There has never been a better time to evaluate what your bank or credit union is doing in social media. The Federal Financial Institutions Examination Council (FFIEC) has released proposed guidance on policies concerning social media usage by banks and credit unions making it clear that dabbling in social media won’t be tolerated by regulators much longer. It sounds like everyone is going to have to have a strategy.
So where to begin? How should you focus your efforts most effectively? How do you prioritize initiatives? How do you know if you should even be using social media at all?
Don’t panic. Here are a few questions to help guide you down the path of creating a social media strategy with staying power.
1. What Do You Want to Accomplish?
This isn’t really so much a question about social media; it’s a question about your business: What are the core goals for the short-term and the long-term? Is it brand awareness, customer acquisition, revenue growth and/or improving customer retention?
Take a step back from social media to understand what the business is really trying to accomplish. Then you can take a look at social media to figure out how it can help move the needle on those objectives.
Too often we start with the social media channel we think we should be on, start slapping up some content, and then try to prove the value of what we’re doing with a set of social media “metrics.” That’s backwards. Start with the organization’s objectives first. That is the best way to ensure that your social media strategy aligns with your financial institution’s goals and priorities.
2. Where Does Your Audience Talk About Banking?
When we think about social media, most of us reflexively think about Facebook and Twitter. But did you know that 90% of conversations about banking and banking products happen in online discussion forums. Less than 1% happen on the major social networks.
That’s just one of many jaw dropping insights we uncovered in “The Conversation Report: What Consumers are Saying About Banking” from Social Media Explorer.
So does that change your perspective on where you might focus your energy? Does your current social media policy address how you will manage these conversations? Remember, the proposed guidelines say you will need to have a policy for handling when customers mention your financial institution, even if you aren’t actively participating in social media.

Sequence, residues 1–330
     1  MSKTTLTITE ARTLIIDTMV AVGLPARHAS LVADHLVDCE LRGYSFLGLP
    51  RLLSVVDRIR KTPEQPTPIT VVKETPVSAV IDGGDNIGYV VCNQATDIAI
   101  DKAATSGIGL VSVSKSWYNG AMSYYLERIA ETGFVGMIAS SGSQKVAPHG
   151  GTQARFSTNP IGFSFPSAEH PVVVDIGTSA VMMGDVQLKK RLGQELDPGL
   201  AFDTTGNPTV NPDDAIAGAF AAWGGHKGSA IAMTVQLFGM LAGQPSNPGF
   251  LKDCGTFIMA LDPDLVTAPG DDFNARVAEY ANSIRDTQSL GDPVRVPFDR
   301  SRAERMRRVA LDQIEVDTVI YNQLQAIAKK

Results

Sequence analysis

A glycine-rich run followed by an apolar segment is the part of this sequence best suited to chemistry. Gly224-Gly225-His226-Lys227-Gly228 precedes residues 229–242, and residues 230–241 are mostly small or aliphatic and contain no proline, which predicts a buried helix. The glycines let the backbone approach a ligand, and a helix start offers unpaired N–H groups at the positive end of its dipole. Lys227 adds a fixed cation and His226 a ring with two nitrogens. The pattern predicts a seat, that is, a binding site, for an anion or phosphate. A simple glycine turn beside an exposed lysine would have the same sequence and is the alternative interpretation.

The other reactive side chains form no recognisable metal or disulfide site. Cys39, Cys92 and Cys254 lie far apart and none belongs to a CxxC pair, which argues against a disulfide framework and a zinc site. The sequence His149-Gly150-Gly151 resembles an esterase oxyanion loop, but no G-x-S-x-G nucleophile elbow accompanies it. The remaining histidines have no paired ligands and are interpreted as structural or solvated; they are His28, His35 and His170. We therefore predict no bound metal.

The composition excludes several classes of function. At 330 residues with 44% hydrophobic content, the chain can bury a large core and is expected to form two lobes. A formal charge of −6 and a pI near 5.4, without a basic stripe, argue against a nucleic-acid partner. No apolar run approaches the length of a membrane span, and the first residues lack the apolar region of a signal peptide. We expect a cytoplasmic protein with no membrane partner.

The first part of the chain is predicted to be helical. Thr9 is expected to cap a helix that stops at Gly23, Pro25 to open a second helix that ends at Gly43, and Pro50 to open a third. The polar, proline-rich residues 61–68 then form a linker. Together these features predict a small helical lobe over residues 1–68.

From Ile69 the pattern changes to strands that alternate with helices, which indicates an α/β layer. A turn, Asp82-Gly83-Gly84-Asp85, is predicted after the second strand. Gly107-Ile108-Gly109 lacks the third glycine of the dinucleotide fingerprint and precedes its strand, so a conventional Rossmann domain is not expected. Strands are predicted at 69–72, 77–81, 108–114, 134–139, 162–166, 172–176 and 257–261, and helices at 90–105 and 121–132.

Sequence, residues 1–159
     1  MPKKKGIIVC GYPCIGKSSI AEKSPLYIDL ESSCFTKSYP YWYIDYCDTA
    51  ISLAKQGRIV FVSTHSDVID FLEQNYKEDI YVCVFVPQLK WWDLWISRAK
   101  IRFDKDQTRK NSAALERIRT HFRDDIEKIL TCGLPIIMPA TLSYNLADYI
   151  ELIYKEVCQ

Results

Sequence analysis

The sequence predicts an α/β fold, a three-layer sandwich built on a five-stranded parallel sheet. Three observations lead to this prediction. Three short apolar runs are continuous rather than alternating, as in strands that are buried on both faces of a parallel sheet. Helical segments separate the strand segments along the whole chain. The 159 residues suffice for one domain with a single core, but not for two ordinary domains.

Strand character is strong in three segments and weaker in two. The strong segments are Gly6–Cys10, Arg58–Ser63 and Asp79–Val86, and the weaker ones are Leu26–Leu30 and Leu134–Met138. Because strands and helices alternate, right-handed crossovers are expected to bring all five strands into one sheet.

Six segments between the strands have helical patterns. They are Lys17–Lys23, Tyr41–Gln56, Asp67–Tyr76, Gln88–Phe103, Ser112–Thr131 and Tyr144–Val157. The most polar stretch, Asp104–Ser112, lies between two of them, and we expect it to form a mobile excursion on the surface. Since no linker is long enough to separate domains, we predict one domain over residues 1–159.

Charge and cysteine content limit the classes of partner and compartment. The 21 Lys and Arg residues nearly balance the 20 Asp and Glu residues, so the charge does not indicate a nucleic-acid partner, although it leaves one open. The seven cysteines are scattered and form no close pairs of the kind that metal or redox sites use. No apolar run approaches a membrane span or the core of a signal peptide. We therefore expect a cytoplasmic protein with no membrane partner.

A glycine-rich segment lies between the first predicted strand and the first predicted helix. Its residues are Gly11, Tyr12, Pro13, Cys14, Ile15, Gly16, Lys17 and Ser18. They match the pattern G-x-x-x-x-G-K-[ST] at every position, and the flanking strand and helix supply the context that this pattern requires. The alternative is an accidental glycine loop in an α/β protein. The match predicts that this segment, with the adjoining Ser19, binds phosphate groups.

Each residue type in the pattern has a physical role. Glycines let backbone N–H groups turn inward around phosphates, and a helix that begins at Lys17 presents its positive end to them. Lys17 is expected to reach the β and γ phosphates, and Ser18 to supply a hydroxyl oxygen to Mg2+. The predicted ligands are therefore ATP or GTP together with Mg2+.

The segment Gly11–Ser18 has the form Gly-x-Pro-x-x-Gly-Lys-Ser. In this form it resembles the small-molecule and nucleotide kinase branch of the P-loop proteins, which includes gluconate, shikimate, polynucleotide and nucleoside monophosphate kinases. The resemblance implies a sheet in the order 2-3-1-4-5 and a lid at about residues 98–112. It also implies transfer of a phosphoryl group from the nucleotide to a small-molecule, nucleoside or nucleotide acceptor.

So the first step is to understand where your brand and your competitors are being mentioned. You can take it a step further and look at how people talk about banking and money in general. Whether your audience has a positive relationship with money or a negative one, understanding that relationship will help you to design products that satisfy their needs.
3. Where Does Social Media Fit?
Once you know where the relevant conversations are happening and what you are trying to accomplish, the next step is to figure out where — or more precisely if — social media fits into the picture. At the very least, according to the FFEIC, you have to come up with a plan to manage customer mentions.
Another opportunity is to look at all the other new initiatives you are planning. Could social media help to make those initiatives a greater success in any way? Integrating social media components into your existing plans should be considered first, before you start talking about a whole new content strategy for Facebook. Then you can start looking at where the big opportunities are hiding.
Ask yourself, “What audience can social media help us reach that we have been struggling with? What type of content could we produce that enhances the customer experience? What type of relevant content can we curate from other sources that our audience would find interesting? Will social media align with customer service? Or does social best align with marketing?”
Figuring out where and how social media will add the most value early in an initiative will provide you with a clear sense direction so you don’t get distracted with “Shiny Object Syndrome” (SOS).
4. How Will You Achieve Your Objectives?
If you’ve decided to commit to social channels more than in just the obligatory ways, then it’s time to figure out what you are actually going to be using it. Social media shouldn’t be looked at as a broadcast channel where you can pump out your latest promotional loan rates. It should be a place where you connect and build relationships with customers and potential customers through content that adds to the human experience with money and banking. Outline the tactics you will use to deliver on the strategic objective for social media in the organization.
Don’t forget, you have to earn the right to talk about yourself to your social media following. You can build your social cred by sharing content from third-party sources around 80% of the time.
5. How Will You Measure Results?
Finally, it’s time to figure out how you are going to measure whether your strategy is successful or not. What are the core metrics that will be used? Don’t get lost in all of the social media metrics out there. (Hint: Look back at your organization’s core business strategy, its strategic goals and product priorities.) Think about how you can connect social media results to sales, revenues and costs. Those are the metrics that truly matter, and those are the metrics you need to focus on when calculating ROI. Start thinking about connecting the dots between your measurements and the bottom line. (If you want step-by-step instructions on social media ROI, check out this book on Amazon, How to Measure Social Media, by yours truly.)
So what questions do you have about developing a social media strategy? Do you have a strategy in place already? What are the biggest challenges? Please feel free to leave a comment and join the discussion.